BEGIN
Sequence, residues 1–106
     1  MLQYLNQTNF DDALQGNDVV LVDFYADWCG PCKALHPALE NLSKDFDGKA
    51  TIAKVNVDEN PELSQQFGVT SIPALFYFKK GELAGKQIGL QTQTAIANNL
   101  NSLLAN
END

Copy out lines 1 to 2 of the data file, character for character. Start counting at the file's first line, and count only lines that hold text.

Sequence, residues 1–106
     1  MLQYLNQTNF DDALQGNDVV LVDFYADWCG PCKALHPALE NLSKDFDGKA